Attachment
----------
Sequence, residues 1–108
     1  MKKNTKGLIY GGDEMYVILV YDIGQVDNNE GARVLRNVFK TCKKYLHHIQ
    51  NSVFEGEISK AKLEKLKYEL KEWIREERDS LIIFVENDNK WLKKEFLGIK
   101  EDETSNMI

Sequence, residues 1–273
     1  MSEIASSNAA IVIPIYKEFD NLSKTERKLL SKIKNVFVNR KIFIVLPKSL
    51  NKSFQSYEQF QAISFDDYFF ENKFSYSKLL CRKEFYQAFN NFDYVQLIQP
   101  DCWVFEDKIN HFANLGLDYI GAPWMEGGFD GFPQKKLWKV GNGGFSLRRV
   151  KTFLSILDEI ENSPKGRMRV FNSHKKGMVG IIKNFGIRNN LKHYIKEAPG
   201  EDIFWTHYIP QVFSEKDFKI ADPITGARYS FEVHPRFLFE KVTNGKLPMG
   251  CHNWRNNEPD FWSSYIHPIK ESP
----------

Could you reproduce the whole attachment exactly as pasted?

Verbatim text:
Sequence, residues 1–108
     1  MKKNTKGLIY GGDEMYVILV YDIGQVDNNE GARVLRNVFK TCKKYLHHIQ
    51  NSVFEGEISK AKLEKLKYEL KEWIREERDS LIIFVENDNK WLKKEFLGIK
   101  EDETSNMI

Sequence, residues 1–273
     1  MSEIASSNAA IVIPIYKEFD NLSKTERKLL SKIKNVFVNR KIFIVLPKSL
    51  NKSFQSYEQF QAISFDDYFF ENKFSYSKLL CRKEFYQAFN NFDYVQLIQP
   101  DCWVFEDKIN HFANLGLDYI GAPWMEGGFD GFPQKKLWKV GNGGFSLRRV
   151  KTFLSILDEI ENSPKGRMRV FNSHKKGMVG IIKNFGIRNN LKHYIKEAPG
   201  EDIFWTHYIP QVFSEKDFKI ADPITGARYS FEVHPRFLFE KVTNGKLPMG
   251  CHNWRNNEPD FWSSYIHPIK ESP